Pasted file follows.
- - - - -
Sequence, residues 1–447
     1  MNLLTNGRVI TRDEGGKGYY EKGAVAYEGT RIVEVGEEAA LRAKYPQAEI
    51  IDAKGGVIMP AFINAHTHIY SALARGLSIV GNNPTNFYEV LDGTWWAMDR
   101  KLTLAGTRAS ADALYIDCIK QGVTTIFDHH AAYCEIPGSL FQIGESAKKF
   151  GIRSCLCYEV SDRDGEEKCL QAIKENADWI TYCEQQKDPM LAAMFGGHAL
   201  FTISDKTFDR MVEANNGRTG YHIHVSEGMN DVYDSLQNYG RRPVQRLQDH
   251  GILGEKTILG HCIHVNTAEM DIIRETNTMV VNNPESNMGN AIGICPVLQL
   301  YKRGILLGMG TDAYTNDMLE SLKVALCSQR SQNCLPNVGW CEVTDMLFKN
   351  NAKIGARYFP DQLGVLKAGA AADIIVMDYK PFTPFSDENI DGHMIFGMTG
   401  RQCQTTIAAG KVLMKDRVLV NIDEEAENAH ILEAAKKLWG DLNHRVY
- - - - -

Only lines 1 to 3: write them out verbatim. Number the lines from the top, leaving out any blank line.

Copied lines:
Sequence, residues 1–447
     1  MNLLTNGRVI TRDEGGKGYY EKGAVAYEGT RIVEVGEEAA LRAKYPQAEI
    51  IDAKGGVIMP AFINAHTHIY SALARGLSIV GNNPTNFYEV LDGTWWAMDR